09 September 2011

The Charter of Manumission: Summorum Pontificum

I was traveling for work earlier this week, so I am a little late in linking to this post from Rorate Caeli about diocesan priests who choose to celebrate the Extraordinary Form of the Mass exclusively.  It is part testimony, part invitation.

The post begins by referring to three diocesan priests in Italy to began, in the wake of the motu proprio in 2007, to begin to celebrate exclusively the Extraordinary Form.  The Mass that our Holy Father reaffirmed "was never juridically abrogated and, consequently, in principle, was always permitted."

And yet to dare to celebrate this Mass of great antiquity--to follow the explicit legislation of the Vicar of Christ-- is for a priest to invite persecution.  And to celebrate it, and it alone, well, that takes courage.

There are many approaches to encouraging liturgical restoration, and with it, the restoration of the Catholic faith within the Church.  Some belong to religious communities that are dedicated to the traditional form, some try to incorporate the Extraordinary Form into the life of the parish alongside the Ordinary Form.  I do not criticize the good faith effort of any such priest, bishop or faithful.  What I do sincerely believe is that over time, one Form will achieve the principal place and the other will greatly recede.  I won't spoil the ending for readers by telling you which one I think will win out.  Time will tell, of course, but without the traditional Mass of the Church gaining strength there is not much chance that the Church (and I speak here of the temporal side only) will regain the vitality of faith so desperately needed as we (in the words of a holy priest) "descend into a new age of persecution." 

The post and the links therein are worth reading.  Take some time to do so.  As a provocation an invitation, I post this short excerpt from an interview with one of these priests:

Q. Why have you refused the so called “biritualism” in contrast to other priests who have welcomed Summorum Pontificum?

A. I shall be brief.  I find the obligation of biritualism absurd.  If one has found that which is authentic, which is best, that which expresses the Catholic Faith more completely, without dangerous ambiguities, why would there be the need to celebrate something much less? With biritualism, in actual fact, one rite dies and the other stays. With biritualism, the priest gets weary, with the sadness of a sort of schizophrenia, and the people are not edified, instructed, consoled in the beauty of God. I shall avoid discussing the theological liturgical aspects - an interview is not the place for that. I will say only that whoever stays with biritualism sooner or later abandons the Old Rite and manufactures reasons to stay in the world of the reform, lived perhaps in a conservative way, but with an interior sadness, like one who has betrayed the love of God since his youth.  I have to add that it was very helpful for me to read “The Anglican Liturgical Reform” by Michael Davies – a fundamental text which is very clear: the ambiguity of the rite leads to heresy in fact. Is it not this that has happened?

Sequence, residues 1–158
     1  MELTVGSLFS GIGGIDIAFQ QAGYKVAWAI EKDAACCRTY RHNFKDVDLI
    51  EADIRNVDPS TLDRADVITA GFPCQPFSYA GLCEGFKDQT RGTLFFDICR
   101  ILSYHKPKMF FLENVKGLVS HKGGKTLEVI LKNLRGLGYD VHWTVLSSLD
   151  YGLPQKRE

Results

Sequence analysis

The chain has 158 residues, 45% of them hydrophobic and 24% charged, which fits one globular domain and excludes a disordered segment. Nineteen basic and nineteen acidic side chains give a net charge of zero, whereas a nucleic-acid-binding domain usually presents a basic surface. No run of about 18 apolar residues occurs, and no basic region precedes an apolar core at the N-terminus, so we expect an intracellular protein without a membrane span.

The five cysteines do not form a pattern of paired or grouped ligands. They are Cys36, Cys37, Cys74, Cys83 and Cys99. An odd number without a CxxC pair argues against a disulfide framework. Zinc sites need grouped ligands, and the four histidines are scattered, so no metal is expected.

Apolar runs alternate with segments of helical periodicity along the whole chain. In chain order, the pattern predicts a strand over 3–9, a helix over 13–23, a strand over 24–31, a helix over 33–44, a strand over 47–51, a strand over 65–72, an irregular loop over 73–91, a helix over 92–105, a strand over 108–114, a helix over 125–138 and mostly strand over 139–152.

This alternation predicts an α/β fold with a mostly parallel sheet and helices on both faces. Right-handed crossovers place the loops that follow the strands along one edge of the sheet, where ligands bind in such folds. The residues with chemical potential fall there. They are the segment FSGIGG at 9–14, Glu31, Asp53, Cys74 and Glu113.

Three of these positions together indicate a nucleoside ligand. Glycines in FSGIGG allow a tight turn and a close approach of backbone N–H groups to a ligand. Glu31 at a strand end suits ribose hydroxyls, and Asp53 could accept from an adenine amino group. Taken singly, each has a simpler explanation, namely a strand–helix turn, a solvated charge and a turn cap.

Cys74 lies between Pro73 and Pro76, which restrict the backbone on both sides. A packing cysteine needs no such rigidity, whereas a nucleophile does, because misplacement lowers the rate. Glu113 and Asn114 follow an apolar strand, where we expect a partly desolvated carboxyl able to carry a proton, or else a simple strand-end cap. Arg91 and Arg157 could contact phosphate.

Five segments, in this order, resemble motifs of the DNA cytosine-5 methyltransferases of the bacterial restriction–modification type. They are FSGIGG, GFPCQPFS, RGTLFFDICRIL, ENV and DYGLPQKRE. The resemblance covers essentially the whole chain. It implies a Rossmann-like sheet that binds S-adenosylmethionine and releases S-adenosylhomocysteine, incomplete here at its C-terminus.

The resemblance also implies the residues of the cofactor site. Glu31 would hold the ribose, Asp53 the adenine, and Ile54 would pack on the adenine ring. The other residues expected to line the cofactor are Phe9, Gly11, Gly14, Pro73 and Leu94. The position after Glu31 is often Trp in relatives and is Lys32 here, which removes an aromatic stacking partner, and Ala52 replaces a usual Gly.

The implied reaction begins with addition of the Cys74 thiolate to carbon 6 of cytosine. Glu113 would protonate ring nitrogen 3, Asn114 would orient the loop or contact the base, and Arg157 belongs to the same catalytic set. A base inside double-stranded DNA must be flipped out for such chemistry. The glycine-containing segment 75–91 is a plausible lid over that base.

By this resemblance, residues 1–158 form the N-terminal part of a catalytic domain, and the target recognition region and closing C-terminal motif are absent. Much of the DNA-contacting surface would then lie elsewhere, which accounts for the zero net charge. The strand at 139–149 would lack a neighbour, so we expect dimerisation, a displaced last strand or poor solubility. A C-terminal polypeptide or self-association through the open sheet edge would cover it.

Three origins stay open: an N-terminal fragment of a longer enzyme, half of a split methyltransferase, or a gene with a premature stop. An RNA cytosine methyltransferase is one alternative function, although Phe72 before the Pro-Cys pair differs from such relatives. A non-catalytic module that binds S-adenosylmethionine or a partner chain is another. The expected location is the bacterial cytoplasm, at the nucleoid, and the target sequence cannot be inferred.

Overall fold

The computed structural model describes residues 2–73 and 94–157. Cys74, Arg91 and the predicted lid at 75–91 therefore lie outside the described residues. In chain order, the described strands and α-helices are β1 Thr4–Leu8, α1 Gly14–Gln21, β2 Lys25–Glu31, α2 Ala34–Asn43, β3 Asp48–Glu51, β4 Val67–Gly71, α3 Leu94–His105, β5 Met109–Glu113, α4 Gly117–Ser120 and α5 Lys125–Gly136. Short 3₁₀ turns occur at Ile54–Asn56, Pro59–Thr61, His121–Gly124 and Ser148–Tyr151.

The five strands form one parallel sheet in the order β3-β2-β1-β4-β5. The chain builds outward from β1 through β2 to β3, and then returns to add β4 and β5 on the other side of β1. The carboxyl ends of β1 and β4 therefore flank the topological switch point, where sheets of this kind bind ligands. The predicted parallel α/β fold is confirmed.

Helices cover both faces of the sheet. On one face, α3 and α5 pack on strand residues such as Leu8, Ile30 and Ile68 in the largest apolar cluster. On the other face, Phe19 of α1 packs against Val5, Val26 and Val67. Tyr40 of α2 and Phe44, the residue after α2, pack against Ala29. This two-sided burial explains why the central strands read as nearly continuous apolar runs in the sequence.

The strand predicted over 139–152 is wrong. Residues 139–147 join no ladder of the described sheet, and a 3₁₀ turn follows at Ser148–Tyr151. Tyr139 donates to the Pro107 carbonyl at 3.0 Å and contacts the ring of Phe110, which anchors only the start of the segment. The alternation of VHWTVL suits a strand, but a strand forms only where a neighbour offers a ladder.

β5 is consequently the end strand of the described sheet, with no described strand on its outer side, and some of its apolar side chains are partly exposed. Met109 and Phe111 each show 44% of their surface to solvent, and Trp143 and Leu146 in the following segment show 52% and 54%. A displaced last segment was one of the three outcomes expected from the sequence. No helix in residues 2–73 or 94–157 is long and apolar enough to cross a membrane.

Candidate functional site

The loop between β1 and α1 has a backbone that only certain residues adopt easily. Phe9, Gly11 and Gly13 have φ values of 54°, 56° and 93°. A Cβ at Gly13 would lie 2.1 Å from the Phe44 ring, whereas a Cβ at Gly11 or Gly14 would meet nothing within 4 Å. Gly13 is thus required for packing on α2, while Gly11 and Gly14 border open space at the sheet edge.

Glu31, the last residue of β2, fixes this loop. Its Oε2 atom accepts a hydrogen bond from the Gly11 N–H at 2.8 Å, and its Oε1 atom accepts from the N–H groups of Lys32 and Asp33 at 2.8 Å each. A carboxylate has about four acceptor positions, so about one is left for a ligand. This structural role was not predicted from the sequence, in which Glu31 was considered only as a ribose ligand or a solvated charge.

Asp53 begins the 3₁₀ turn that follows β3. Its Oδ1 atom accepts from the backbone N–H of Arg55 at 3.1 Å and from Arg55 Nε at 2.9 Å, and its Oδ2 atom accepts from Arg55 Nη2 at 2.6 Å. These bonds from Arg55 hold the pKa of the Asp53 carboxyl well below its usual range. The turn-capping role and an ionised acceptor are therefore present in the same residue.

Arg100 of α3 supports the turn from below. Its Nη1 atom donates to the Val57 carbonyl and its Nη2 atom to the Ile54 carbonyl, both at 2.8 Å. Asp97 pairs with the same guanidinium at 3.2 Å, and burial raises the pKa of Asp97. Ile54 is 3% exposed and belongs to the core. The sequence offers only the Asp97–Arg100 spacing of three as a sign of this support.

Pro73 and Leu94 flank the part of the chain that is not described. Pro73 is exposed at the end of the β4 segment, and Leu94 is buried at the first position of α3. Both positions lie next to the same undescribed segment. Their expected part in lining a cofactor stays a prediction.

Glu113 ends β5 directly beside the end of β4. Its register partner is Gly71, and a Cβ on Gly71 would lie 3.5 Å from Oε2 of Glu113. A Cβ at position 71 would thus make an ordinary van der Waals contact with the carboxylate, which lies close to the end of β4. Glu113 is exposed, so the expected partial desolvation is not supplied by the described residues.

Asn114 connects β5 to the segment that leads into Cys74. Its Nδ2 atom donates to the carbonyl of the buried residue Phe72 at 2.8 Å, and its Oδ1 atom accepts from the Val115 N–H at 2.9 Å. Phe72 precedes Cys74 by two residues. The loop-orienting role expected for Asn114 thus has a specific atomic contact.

Rory said...

Timman. Hi.

Biritualism means that both liturgies are as equally good. Almost nobody thinks that. Some conservative Catholics in the highest places are trying to convince themselves that the choice between the two is like the differences between a Whopper and a Big Mac. I confess to liking both of those. I don't care which I eat when I want a fast food burger. But I despise the "Ordinary Form". Dog food might have a vitamin in it somewhere, but that doesn't mean I will voluntarily eat it.

Isn't it interesting that Michael Davies, an English speaking Welshman, is having an influence on Italian priests? Michael Davies is brilliant and balanced and he is faithful to Rome. I do not know that he was a saint, but God used him in our time, and his legacy is incomplete.

Davies' writings are devastating to the biritualistic balancing act that Pope Benedict is apparently going to promote through the end of his pontificate. I do not think the truth can be hidden forever. Davies shows clearly and without exaggeration how the Novus Ordo is a deliberately watered-down travesty. Whether it was self-consciously or not, the Novus Ordo authors fall into the same ditch as the arch-heretic Cranmer in England when he composed his ambiguous masterpiece. The parallels are so strikingly similar as to make one confident that if the Novus Ordo wasn't a self-conscious copy, they both were inspired from the same source.

AndrewK said...


The problem with this post is that this goes against what the Holy Father is trying to do with SumPon. The Extraordinary Form is meant to remind priests, who primarily say the Ordinary Form, of where the latter form comes from. To help them see the long standing liturgical tradition that is thankfully kept alive in the EF. It is almost like a child who has forgotten his faith, and in reconversion remembers the faith of his parents and uses it as the model to start reliving his faith. I don't think it is wise to pass this off so quickly. Are all of the things Fr. Secci described in his interview (ad orientem, communion on the tongue, the Roman Canon, Gregorian Chant, etc.) incompatible with the OF? Moreover, his comments about the SSPX as preserving the "Mass of all ages" and soon the "everyone will see what he was doing" seems a little arrogant.

Andrew K